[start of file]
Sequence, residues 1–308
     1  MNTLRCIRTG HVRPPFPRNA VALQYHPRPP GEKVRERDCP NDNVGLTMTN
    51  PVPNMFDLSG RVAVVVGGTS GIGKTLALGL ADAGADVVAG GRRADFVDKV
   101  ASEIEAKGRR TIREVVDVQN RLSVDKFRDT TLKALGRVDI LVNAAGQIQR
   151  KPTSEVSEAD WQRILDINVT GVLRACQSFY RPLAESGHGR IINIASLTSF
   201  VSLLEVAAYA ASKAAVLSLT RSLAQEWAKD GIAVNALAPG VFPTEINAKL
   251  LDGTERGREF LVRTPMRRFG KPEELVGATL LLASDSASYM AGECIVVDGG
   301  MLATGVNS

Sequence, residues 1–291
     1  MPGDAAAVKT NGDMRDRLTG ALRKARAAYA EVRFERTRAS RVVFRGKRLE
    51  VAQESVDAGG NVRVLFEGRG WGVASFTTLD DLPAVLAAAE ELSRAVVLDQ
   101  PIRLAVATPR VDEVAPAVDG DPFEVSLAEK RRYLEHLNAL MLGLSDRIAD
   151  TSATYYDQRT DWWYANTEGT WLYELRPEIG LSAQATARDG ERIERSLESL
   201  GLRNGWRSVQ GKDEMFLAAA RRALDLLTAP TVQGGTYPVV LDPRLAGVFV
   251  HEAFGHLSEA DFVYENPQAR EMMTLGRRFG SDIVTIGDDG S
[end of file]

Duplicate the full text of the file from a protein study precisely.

Sequence, residues 1–308
     1  MNTLRCIRTG HVRPPFPRNA VALQYHPRPP GEKVRERDCP NDNVGLTMTN
    51  PVPNMFDLSG RVAVVVGGTS GIGKTLALGL ADAGADVVAG GRRADFVDKV
   101  ASEIEAKGRR TIREVVDVQN RLSVDKFRDT TLKALGRVDI LVNAAGQIQR
   151  KPTSEVSEAD WQRILDINVT GVLRACQSFY RPLAESGHGR IINIASLTSF
   201  VSLLEVAAYA ASKAAVLSLT RSLAQEWAKD GIAVNALAPG VFPTEINAKL
   251  LDGTERGREF LVRTPMRRFG KPEELVGATL LLASDSASYM AGECIVVDGG
   301  MLATGVNS

Sequence, residues 1–291
     1  MPGDAAAVKT NGDMRDRLTG ALRKARAAYA EVRFERTRAS RVVFRGKRLE
    51  VAQESVDAGG NVRVLFEGRG WGVASFTTLD DLPAVLAAAE ELSRAVVLDQ
   101  PIRLAVATPR VDEVAPAVDG DPFEVSLAEK RRYLEHLNAL MLGLSDRIAD
   151  TSATYYDQRT DWWYANTEGT WLYELRPEIG LSAQATARDG ERIERSLESL
   201  GLRNGWRSVQ GKDEMFLAAA RRALDLLTAP TVQGGTYPVV LDPRLAGVFV
   251  HEAFGHLSEA DFVYENPQAR EMMTLGRRFG SDIVTIGDDG S